Language Immersion

 Chinese and Spanish Language Immersion


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Minnetonka offers the state's premier Language Immersion program offered at every school in Minnetonka. Beginning in Kindergarten, students are acquiring second language fluency through immersion. Families may elect enrollment in Chinese, English or Spanish Immersion.

Chinese is offered at Excelsior and Scenic Heights Elementary Schools.

Spanish is offered at Clear Springs, Deephaven, Groveland and Minnewashta Elementary Schools.

Minnetonka Middle School East and West offer immersion continuation (6-8) in both Chinese and Spanish. 

Minnetonka High School accepted its first class of Language Immersion students in fall 2015. Students who have been enrolled in Immersion since Kindergarten and first grade enroll in Advanced Placement Chinese or Spanish Language and Culture exam during their freshman year of high school. Advanced literature and other courses are being developed to continue language fluency development through high school. Students who continue in the program through grade 12 will have the option of taking the *HSK (Chinese) or *DELE (Spanish) international proficiency exams, apply for a Minnesota bilingual diploma, and/or complete the International Baccalaureate Bilingual Diploma. 

*HSK administered by the Ministry of Education in China. DELE administered by the Ministry of Education in Spain.

Contact our enrollment office at 952-401-5000 for registration instructions or complete our online form


 Minnetonka's Kindergarten Options Videos


 Immersion Introduction


Why begin a second language in Kindergarten?

The young child's brain is developmentally ready to learn language. A child has twice as many synapses (connections) in the brain as an adult. The young brain must use these connections or lose them. There is a window of opportunity in which a child learns a first language normally. After this period, the brain becomes slowly less receptive.  Young children can learn as many spoken languages as you can allow them to hear systematically and regularly at the same time. Children just have this capacity.  When children wait until high school to start studying a foreign language, the job is much harder.

What is Immersion?

Language Immersion is an approach to second language instruction in which the usual learning activities are conducted in a second language. This means that the new language is the medium of instruction as well as the object of instruction. Immersion classes follow the same curricula, and in some instances, use the same materials (translated into the target language) as those used in the non-immersion schools of their district. The goal of the language immersion classroom is language acquisition.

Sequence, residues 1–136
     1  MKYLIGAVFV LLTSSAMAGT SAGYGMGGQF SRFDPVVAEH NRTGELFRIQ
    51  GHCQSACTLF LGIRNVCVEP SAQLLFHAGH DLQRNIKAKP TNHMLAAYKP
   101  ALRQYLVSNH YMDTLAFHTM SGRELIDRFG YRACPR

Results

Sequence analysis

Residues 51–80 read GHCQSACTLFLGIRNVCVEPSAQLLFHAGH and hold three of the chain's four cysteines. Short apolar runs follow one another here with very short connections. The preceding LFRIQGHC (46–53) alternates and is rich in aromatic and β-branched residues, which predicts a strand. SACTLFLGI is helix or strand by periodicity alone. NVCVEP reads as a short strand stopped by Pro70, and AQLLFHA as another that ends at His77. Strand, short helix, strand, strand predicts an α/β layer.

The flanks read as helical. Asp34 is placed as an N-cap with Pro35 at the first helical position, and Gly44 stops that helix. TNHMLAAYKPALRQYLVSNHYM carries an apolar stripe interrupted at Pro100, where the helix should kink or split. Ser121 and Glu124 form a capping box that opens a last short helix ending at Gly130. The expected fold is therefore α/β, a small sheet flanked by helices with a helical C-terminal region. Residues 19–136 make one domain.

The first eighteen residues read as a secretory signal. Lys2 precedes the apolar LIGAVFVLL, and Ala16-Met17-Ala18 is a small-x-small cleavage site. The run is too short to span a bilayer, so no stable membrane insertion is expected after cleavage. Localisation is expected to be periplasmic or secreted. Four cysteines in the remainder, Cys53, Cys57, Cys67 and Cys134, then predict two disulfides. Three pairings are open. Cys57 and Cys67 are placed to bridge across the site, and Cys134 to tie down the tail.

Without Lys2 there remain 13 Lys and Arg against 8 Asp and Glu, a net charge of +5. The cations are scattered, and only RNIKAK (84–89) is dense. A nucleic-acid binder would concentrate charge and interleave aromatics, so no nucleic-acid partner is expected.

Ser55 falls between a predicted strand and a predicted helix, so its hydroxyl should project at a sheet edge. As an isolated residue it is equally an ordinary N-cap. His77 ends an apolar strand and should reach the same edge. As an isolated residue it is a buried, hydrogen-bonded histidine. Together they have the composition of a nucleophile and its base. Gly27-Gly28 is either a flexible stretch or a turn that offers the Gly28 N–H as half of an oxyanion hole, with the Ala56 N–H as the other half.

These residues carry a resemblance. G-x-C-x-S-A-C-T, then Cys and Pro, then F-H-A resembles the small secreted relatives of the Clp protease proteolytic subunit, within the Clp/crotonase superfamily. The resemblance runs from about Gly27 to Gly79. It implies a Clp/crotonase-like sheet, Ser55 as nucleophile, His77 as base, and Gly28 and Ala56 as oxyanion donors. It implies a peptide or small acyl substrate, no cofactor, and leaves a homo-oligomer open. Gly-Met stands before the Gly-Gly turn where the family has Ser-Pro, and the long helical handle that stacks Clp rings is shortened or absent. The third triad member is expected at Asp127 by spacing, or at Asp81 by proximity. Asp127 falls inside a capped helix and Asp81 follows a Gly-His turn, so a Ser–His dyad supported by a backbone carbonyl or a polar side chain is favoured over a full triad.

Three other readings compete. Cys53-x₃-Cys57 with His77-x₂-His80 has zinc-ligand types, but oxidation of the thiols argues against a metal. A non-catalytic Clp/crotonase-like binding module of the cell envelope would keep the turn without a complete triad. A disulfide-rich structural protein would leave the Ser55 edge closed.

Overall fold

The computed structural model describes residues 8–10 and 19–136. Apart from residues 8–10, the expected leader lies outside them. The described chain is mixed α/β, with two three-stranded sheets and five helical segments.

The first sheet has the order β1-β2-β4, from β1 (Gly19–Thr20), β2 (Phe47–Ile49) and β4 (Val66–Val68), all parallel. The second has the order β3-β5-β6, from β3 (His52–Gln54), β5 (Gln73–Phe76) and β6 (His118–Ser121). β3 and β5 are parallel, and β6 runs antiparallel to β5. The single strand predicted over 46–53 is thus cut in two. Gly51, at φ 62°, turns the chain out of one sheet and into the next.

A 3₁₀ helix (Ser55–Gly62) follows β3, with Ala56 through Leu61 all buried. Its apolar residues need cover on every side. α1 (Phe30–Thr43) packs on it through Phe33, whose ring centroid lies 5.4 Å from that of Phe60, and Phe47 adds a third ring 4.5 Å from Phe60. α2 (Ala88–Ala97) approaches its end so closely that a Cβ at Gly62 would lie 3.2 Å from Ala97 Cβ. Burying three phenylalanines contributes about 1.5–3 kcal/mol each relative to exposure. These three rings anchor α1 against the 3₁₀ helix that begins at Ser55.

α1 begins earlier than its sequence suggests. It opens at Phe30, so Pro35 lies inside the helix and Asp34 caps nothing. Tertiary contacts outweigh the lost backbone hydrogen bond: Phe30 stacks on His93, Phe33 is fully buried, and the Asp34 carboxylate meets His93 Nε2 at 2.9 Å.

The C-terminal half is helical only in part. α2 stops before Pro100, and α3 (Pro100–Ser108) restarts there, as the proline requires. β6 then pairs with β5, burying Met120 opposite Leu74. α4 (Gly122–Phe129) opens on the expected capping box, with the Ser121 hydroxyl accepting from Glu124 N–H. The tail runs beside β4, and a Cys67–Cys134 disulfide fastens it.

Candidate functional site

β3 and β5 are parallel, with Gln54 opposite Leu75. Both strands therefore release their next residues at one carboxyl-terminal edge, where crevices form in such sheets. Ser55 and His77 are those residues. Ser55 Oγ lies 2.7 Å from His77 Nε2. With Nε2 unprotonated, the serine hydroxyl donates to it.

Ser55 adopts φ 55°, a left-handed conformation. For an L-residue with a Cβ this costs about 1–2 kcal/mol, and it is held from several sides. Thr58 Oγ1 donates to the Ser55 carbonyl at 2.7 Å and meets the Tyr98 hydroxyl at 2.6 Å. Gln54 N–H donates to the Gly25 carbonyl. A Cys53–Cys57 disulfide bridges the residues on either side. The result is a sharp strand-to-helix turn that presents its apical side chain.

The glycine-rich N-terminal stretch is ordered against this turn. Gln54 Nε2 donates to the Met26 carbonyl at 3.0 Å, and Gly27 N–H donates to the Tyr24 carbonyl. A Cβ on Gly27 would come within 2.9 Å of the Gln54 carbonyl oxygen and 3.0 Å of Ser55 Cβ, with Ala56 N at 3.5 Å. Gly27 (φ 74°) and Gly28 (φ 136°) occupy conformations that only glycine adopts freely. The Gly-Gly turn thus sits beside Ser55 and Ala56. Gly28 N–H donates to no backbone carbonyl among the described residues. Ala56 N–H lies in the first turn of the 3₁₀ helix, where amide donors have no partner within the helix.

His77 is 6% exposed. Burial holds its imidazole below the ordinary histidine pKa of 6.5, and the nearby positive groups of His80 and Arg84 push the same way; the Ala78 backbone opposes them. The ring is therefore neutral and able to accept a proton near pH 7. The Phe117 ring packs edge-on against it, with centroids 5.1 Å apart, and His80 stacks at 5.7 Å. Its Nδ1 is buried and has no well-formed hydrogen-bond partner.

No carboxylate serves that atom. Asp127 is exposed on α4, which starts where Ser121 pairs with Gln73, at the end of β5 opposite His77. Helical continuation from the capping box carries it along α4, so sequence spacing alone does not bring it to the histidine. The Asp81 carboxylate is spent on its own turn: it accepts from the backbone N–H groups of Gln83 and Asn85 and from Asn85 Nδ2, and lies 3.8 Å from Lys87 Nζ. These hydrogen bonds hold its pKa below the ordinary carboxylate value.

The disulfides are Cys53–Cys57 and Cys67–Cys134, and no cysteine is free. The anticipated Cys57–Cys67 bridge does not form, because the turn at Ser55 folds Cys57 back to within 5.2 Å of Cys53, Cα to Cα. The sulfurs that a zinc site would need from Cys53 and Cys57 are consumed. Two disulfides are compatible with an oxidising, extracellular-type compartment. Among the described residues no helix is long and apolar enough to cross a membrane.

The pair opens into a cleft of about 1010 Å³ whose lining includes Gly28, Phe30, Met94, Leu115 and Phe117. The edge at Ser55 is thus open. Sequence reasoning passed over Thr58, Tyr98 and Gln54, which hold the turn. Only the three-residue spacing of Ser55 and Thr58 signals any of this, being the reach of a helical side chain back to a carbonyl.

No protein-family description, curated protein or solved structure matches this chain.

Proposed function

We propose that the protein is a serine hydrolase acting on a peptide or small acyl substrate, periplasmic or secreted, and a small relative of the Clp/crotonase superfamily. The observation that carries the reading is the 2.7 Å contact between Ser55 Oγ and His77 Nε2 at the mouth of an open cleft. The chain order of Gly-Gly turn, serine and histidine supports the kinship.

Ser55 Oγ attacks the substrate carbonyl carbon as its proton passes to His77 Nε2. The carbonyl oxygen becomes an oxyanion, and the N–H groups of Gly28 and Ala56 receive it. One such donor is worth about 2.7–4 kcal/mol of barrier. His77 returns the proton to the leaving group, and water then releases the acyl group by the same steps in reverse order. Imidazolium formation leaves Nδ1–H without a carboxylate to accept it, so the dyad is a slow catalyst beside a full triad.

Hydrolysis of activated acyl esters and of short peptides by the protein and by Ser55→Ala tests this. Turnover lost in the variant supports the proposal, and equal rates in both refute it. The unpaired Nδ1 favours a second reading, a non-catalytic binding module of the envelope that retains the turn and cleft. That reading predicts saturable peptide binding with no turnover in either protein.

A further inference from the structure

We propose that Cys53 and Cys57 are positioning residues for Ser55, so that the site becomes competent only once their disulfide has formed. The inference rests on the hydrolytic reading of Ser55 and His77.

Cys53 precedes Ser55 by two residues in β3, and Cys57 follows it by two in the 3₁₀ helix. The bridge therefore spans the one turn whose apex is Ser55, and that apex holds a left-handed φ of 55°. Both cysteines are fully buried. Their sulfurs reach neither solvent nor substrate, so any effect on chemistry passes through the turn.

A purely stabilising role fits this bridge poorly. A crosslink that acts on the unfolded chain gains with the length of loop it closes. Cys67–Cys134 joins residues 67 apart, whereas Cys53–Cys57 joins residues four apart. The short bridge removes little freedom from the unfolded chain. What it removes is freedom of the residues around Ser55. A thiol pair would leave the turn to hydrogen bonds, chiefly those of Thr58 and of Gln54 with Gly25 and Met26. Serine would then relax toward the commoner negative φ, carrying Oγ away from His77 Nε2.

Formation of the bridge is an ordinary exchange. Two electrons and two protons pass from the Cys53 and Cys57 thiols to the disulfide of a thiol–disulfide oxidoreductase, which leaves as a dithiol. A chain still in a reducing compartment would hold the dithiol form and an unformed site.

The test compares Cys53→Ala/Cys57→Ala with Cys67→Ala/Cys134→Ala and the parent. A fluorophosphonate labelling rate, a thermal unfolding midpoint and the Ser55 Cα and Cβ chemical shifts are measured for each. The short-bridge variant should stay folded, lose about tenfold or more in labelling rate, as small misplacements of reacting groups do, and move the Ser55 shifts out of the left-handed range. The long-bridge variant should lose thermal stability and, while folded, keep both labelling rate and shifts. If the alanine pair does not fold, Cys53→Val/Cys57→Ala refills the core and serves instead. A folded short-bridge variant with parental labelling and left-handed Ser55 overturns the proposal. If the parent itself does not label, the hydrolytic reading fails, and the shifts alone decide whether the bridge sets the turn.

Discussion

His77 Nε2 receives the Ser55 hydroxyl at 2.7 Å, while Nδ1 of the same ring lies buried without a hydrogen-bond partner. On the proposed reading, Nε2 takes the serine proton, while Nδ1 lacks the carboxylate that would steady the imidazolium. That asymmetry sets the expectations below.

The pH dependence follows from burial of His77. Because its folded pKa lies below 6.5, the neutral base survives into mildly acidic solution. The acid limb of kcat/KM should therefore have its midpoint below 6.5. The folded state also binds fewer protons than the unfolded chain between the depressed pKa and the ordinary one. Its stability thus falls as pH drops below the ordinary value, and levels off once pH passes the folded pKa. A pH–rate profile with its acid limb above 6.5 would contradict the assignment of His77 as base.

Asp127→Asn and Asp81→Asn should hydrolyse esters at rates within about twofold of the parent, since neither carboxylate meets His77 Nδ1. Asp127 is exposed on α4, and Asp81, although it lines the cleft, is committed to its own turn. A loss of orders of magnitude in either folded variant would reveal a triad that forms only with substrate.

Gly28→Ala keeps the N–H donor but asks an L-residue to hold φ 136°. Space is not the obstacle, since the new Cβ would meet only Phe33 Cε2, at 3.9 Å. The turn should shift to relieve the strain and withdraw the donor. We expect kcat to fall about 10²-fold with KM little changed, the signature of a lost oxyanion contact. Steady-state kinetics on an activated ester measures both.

In the early years, immersion teachers realize that students will not understand everything they say.  Teachers use body language, visuals, manipulatives, exaggerated facial expressions, and expressive intonation to communicate meaning.  In kindergarten, it is common for students to speak English with each other and when responding to their teacher.  As the years progress, students naturally use more of the immersion language. (Fortune and Tedick, 2003)

Why immersion?

According to the Center for Advanced Research on Language Acquisition (CARLA), at the University of Minnesota, immersion programs are the most effective type of foreign language program. Students can be expected to reach higher levels of a second language proficiency than students in other school-based language programs.

A great deal of research has centered on second language acquisition in various school settings. Over the past thirty years, due in large part to the success of immersion programs, there has been a shift away from teaching language in isolation and toward integrating language and content. This shift is based on four principles:

  • Language is acquired most effectively when it is learned in a meaningful social context. For young learners, the school curriculum provides a natural basis for second language learning, offering them the opportunity to communicate about what they know and what they want to know, as well as about their feelings and attitudes.
  • Important and interesting content provides a motivating context for learning the communicative functions of the new language. Young children are not interested in learning language that serves no meaningful function.